Legend has it that Babe Ruth called his shot.  He stepped out of the batters box, pointed to an area beyond the centerfield wall and promptly hit the ball over the wall right into the pages of baseball history and lore.

Fast forward to the 21st century and you would be hard-pressed to produce written documentation by any professional pre-season prognosticator who predicted that the San Francisco Giants would win the 2010 World Series.

However, that is not necessarily true here at The Adventures of ALS Boy blog.  In my April 5, 2010 post, I said that the team would make the playoffs and lose in the first round.  Two days later my friend and longtime reader Suzanne commented that the Giants would win it all.

Check it out here for yourself.

Wow!  Awesome called shot, Suzanne!

What an excellent day for a parade.

Read Full Post »

Goal Orientated

My goal as a kid growing up was to earn all A’s on my report cards so I could get into a good college.  Well, a 55 to 1 A/A- to B+ ratio at Parkside Junior High and a 4.13 AP-class adjusted GPA at Capuchino High School pretty much meant mission accomplished in that regard as I attended UCD in the Fall of 1987.  (College GPA withheld by the author for reasons of embarrassment and shame).

At the age of 25, my goals shifted towards my cardiovascular health as I attempted to kick a ten year cigarette smoking habit by going on the nicotine patch.  My lungs and I are happy to report that no tobacco has entered this body since April 15, 1994.

After quitting smoking, my body staged a rebellion of sorts by blowing up to the tune of 200 pounds.  My new goal became losing 35 el bees by walking every day and eating more sensibly.  Yo Adrian, I did it.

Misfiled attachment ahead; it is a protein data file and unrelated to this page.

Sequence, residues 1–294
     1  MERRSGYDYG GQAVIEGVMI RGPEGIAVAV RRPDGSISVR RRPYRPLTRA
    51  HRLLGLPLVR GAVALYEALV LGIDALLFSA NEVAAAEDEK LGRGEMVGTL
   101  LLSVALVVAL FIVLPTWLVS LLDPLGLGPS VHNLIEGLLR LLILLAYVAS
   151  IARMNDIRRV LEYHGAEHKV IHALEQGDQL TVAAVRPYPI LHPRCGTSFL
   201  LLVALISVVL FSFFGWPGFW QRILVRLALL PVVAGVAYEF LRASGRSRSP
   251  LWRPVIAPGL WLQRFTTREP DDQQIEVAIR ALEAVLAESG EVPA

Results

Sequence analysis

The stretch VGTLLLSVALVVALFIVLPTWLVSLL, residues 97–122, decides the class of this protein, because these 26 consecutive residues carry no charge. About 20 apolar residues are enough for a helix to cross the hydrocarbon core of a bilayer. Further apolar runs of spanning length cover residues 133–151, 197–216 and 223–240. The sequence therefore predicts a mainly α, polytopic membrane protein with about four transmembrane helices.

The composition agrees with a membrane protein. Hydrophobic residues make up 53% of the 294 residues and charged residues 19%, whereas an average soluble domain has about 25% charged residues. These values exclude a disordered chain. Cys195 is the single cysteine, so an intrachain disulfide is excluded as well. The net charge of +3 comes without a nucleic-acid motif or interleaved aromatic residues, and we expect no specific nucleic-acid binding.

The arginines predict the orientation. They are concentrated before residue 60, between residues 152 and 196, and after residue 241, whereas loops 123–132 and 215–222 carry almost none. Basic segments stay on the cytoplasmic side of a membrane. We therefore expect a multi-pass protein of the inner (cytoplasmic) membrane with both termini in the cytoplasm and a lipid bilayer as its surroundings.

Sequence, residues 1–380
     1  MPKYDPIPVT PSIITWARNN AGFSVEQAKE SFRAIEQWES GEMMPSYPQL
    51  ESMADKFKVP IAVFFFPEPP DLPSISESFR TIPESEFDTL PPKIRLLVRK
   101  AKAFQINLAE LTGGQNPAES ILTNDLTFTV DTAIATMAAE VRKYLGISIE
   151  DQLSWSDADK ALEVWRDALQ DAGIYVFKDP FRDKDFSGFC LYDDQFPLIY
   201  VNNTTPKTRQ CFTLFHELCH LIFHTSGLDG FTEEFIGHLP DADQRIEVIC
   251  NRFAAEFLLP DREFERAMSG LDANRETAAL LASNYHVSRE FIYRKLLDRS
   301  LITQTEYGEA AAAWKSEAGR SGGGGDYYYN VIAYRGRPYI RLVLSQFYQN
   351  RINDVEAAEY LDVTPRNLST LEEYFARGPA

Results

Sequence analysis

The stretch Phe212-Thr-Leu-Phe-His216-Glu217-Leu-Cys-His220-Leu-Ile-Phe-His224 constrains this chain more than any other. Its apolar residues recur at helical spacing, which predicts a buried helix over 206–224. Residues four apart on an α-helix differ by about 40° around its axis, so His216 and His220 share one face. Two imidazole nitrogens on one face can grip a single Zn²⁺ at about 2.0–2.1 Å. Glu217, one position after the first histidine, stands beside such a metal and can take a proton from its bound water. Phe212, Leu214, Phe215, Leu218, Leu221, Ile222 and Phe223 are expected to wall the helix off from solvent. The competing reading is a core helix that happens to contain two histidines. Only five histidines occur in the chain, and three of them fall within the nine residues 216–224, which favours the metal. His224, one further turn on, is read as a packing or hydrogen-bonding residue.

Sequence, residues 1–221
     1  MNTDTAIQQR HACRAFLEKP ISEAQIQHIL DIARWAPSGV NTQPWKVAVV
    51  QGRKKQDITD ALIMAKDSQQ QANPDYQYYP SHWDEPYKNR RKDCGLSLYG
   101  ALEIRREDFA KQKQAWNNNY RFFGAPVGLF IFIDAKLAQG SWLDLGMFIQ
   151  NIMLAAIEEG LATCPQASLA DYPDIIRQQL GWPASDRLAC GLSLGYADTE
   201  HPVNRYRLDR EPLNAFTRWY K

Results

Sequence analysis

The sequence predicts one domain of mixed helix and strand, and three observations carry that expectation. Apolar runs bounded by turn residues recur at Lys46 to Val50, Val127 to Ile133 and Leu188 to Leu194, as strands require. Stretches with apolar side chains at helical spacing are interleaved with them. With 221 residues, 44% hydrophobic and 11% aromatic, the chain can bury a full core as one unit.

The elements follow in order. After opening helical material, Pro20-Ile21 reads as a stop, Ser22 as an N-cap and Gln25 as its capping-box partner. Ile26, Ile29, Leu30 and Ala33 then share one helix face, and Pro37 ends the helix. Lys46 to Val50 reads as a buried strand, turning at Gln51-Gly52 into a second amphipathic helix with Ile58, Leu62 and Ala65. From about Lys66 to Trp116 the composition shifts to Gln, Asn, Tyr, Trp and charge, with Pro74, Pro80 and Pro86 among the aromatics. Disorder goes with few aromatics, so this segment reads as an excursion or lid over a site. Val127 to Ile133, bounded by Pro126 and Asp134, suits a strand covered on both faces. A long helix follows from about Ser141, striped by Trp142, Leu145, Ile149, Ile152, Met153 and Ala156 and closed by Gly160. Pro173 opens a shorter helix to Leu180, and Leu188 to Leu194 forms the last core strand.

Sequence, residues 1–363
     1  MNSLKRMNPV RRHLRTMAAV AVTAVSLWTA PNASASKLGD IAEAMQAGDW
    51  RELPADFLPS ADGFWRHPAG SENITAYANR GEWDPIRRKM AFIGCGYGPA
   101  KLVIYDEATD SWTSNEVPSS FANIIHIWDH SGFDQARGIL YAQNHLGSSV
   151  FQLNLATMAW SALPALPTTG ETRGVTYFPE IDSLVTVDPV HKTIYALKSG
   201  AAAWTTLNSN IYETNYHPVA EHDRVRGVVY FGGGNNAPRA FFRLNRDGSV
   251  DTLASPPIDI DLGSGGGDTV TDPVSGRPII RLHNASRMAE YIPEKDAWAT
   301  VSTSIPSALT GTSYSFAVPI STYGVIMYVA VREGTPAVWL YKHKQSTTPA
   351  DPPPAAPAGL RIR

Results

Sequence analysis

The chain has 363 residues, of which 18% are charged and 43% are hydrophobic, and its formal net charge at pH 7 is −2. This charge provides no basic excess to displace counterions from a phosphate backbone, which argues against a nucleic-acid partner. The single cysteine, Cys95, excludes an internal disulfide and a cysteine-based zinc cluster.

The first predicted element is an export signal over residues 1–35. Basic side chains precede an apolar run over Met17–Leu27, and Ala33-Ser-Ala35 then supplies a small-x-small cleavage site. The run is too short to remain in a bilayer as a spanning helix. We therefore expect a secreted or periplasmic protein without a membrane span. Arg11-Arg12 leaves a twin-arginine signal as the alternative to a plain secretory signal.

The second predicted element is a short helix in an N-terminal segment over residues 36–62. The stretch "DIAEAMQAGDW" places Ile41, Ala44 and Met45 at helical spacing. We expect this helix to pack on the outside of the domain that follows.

Then I wanted to become a middle school math teacher.  The only way I knew how to accomplish this particular goal was to put in the time to up my game.  I think it worked for the eight years I spent in Room 36 at La Entrada.

Then came the diagnosis of a terminal illness in February 2008.  When I was informed that most people with ALS survive between two to four years, I was forced to reevaluate my goals.  The Bucket List concept is good in theory but doesn’t make a lot of practical sense when my abilities to speak and move disintegrates on a monthly basis.

These days I focus on living to see April First each year in order to celebrate our shared birthday with my daughter Emma.  Then every October I make it my life’s goal to attend the annual Father Daughter Dance with Emma and Fehmeen (with music provided by my dad and the world famous Bay Area Band).

I have yet to miss either occasion and I don’t plan on starting any time in the near future.  Besides, I have a hundred more entries to write if I want to get to post #400 on this blog.

Read Full Post »


Whenever someone asks Emma the reason why she is so cute her response is the same every time:  Genetics. How awesome — and completely accurate — is that?

I know, I know, Fehmeen and I may be more than a little bit guilty of coaching her up on that one but who can blame us?  She is pretty darn cute.

So, the other morning I overheard young Emma talking to her Papa (aka the Italian Man Servant) that when Emma gets older she wants to write e-mail.  I immediately thought back to a suggestion my cousin Bryan made several months ago about how I should offer my readers the chance to ask me questions.  It wasn’t long after that when the two ideas merged into one and the topic of this post was born.

And here it is:

Now you, my loyal and esteemed readers, have the opportunity to ask our two-and-a-half year old daughter any question(s) you want.  Fehmeen and I will choose several of them and then we will read them to her and see what the Bug has to say.  I will post the questions and answers on this blog some time early next week for all to enjoy.

Please send your questions to:  askemmabug@gmail.com

Oh yeah, one last thing.  I had my caregiver Lhito call the 800 number listed in the title but sadly, it was no longer in service.

Read Full Post »

« Newer Posts